I examine the effect of Old-Age Insurance (OAI) on older women’s labour-force participation in fourteen countries since around 1930. Older women’s participation has risen in the US, but has fallen over time in some European countries. The discontinuity of incentives at the state pension age helps separate OAI’s effects from those of social mores and husbands’ retirements. Clear effects of OAI on female retirement emerge slowly in time series. I find that, were Germany to adopt the US Social Security system, the participation rate of German women aged 60-4 would increase by 7 percentage points.
JEL classification: H55, J14, J21, J26
Keywords: Social Security, public pensions, economics of the elderly, labor force and employment, retirement policies.
By Antoine Martin and Cyril Monnet (RWP 01-07 September 2001)
We propose a theory to explain the choice between nominal and indexed labor contracts. We find that contracts should be indexed if prices are difficult to forecast and nominal otherwise. Our analysis is based on a principal-agent model developed by Jovanovic and Ueda (1997) in which renegotiation can take place once the nominal value of the agent's output is observed. Their model assumes that agents use pure strategy, with the strong result that only nominal contracts can be written without being renegotiated. But, in reality, we do observe indexed contracts. We resolve this weakness of their model by allowing agents to choose mixed strategies, and find that the optimal contract is indeed nominal for certain parameters. For other parameters, however, we show that the optimal contract is indexed. Our findings are consistent with two empirical regularities: that prices are more volatile with higher inflation, and that countries with high inflation tend to have indexed contracts.
JEL classification: D8, E3, J4
Keywords: Nominal Contracts; Theory of Uncertainty and Information
By Jonathan L. Willis (RWP 01-06 August 2001)
We study the inferences about labor adjustment costs obtained by the "gap methodology" of Caballero and Engel  and Caballero, Engel and Haltiwanger . In that approach, the policy function of a manufacturing plant is assumed to depend on the gap between a target and the current level of employment. Using time series observations, these studies reject the quadratic cost of adjustment model and find that aggregate employment dynamics depend on the cross sectional distribution of employment gaps. We argue that these conclusions may not be justified. Instead these findings may reflect difficulties measuring the gap. Thus it appears that the gap methodology as currently employed, may be unable to: (i) identify the costs of labor adjustment and (ii) assess the aggregate implications of labor adjustment costs.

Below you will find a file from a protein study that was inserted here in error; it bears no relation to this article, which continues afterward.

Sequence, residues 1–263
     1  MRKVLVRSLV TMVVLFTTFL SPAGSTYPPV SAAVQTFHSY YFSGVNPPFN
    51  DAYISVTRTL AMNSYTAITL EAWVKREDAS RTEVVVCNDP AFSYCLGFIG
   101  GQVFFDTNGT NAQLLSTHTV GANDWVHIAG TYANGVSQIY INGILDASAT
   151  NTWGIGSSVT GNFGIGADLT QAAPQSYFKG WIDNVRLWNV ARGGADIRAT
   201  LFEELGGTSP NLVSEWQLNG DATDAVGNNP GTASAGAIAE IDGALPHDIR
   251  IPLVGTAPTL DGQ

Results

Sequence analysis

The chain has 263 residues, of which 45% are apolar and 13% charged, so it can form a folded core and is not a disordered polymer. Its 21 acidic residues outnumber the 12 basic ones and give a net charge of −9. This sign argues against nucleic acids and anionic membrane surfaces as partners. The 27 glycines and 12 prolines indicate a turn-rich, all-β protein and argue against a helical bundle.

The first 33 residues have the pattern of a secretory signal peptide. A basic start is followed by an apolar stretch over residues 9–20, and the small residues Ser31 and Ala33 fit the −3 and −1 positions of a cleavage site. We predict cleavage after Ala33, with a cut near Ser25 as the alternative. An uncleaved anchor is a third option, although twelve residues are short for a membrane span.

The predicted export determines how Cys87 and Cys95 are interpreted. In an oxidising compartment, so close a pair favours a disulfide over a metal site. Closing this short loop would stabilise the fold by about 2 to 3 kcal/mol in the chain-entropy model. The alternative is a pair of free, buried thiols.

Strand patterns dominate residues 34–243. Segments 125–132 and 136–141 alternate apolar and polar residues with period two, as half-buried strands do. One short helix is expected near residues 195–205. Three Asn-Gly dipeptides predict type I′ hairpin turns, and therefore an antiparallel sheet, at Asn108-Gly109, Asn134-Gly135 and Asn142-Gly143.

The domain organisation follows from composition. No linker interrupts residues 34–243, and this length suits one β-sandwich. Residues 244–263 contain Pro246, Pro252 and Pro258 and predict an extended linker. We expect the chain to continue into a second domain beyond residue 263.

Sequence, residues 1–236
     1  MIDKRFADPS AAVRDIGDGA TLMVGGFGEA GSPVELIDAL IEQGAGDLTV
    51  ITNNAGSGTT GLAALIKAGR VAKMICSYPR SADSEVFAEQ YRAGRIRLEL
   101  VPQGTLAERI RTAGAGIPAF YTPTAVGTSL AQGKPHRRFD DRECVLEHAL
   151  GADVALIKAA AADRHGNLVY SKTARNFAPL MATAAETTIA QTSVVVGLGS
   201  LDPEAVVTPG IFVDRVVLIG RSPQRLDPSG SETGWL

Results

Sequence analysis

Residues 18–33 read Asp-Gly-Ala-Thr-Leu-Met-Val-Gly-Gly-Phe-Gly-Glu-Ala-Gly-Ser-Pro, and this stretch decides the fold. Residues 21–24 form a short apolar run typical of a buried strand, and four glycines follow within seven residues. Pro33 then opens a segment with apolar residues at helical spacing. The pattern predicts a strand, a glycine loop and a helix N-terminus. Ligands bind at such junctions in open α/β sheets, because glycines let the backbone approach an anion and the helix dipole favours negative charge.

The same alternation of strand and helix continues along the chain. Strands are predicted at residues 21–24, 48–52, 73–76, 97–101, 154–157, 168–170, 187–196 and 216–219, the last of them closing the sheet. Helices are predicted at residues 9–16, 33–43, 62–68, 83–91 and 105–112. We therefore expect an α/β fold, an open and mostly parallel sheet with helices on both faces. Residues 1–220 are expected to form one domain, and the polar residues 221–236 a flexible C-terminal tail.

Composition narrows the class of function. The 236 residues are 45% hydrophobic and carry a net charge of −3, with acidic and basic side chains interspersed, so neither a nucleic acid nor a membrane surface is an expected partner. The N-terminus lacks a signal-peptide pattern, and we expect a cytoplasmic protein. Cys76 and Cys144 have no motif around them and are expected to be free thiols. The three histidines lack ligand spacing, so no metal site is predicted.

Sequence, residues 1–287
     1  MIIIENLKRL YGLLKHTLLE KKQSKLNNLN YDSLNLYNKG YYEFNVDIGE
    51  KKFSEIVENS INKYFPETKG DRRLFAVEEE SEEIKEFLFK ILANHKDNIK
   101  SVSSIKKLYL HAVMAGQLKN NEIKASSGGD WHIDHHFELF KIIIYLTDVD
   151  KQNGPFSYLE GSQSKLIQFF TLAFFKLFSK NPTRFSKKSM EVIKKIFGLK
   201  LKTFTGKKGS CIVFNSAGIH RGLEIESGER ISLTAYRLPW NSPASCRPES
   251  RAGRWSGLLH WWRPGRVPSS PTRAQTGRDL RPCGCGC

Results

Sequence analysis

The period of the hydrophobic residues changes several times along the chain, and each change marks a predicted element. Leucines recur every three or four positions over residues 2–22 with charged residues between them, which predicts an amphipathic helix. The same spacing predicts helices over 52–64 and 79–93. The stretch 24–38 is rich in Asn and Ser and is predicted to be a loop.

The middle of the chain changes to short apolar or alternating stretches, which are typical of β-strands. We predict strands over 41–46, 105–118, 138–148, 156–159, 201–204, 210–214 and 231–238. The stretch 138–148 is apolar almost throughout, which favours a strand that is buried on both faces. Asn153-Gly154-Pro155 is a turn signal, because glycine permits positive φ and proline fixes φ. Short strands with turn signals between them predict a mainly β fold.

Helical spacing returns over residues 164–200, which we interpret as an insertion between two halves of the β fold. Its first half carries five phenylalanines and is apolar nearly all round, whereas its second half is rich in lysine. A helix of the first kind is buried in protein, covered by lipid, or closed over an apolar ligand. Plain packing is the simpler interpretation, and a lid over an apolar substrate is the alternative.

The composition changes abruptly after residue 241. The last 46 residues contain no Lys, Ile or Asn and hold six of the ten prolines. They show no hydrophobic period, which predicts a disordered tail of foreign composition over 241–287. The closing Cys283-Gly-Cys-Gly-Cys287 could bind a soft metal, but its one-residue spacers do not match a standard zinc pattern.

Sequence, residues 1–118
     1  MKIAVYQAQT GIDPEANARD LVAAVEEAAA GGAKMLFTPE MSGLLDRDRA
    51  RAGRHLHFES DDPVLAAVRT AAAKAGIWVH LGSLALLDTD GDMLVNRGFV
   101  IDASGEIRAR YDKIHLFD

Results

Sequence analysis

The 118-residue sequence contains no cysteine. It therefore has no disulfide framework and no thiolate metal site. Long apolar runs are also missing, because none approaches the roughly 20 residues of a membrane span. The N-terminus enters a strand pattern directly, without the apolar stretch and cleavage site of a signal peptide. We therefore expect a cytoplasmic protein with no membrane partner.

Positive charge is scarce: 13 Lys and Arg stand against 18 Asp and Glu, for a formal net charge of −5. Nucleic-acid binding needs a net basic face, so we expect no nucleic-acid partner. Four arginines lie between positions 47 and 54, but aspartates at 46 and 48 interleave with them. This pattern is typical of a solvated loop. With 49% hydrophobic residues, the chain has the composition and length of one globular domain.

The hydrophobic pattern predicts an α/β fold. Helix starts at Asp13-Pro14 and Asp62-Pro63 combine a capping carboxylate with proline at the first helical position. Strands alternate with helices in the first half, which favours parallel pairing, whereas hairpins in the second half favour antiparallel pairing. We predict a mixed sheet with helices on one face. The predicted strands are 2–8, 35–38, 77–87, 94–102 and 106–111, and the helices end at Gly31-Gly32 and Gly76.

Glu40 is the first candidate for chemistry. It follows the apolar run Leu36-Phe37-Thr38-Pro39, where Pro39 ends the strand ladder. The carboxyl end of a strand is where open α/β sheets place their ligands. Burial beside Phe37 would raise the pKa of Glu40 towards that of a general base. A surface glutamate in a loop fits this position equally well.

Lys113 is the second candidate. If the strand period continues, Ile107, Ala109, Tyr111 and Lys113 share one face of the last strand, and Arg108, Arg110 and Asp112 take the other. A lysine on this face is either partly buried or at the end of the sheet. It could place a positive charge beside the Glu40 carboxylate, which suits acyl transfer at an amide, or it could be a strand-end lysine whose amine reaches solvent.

JEL classification: E24, J23, J6
Keywords: Aggregate Employment, Employment, Adjustment Costs
By Antoine Martin (RWP 01-05 August 2001; Last Revised September 2004)
In this paper I ask whether a central bank policy of providing liquidity to banks during panics can prevent bank runs without causing moral hazard. This kind of policy has been widely advocated, most notably by Bagehot (1873). I show a particular central bank liquidity provision policy can prevent bank panics without moral hazard problems. A key feature of this policy is that the central bank has priority over the assets of the banks it lends to, if they default. I also show that a deposit insurance policy, while preventing runs, can create moral hazard problems.
JEL classification: E58; G21
Keywords: Bank Panics; Liquidity Provision; Deposit Insurance; Moral Hazard.